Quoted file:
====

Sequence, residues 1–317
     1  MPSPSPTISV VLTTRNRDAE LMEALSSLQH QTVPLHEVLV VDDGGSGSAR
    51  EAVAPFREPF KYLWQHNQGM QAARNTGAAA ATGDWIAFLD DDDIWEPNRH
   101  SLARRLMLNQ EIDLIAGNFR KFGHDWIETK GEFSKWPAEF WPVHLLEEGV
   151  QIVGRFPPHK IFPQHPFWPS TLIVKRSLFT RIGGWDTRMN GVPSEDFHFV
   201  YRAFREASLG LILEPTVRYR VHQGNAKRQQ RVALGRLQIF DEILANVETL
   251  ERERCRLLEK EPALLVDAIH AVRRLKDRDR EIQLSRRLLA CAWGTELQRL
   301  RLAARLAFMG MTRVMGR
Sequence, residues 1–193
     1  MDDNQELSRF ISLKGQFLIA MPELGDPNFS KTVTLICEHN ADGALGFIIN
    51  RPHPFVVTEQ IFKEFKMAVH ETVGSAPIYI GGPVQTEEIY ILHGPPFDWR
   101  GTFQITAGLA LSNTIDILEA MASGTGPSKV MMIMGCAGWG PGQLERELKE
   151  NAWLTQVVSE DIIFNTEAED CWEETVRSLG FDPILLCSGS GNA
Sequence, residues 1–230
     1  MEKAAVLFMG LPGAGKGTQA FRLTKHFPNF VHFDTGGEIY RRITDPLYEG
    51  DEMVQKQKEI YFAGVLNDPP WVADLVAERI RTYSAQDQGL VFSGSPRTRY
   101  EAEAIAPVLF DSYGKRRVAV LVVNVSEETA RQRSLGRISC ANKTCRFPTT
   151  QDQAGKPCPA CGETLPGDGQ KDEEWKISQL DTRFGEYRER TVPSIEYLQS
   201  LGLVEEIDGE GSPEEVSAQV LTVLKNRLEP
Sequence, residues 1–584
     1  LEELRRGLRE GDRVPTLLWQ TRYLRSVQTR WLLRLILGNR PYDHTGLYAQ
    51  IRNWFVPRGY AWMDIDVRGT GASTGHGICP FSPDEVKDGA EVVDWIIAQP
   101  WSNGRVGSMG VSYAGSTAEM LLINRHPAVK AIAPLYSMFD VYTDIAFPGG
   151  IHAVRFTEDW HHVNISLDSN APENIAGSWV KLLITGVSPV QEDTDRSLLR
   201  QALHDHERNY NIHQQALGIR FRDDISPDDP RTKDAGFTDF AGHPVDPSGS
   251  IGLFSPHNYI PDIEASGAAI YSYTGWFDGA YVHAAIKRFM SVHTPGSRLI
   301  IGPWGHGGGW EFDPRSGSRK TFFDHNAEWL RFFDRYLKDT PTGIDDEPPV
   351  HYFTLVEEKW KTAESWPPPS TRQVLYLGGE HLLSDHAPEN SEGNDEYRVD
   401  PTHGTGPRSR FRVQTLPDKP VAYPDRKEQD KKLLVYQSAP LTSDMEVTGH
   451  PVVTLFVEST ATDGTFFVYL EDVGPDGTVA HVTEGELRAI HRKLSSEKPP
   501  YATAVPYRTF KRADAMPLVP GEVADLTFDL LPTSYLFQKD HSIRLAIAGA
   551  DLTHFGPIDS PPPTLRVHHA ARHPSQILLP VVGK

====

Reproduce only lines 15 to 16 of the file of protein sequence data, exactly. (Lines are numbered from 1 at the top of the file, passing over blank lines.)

     1  MEKAAVLFMG LPGAGKGTQA FRLTKHFPNF VHFDTGGEIY RRITDPLYEG
    51  DEMVQKQKEI YFAGVLNDPP WVADLVAERI RTYSAQDQGL VFSGSPRTRY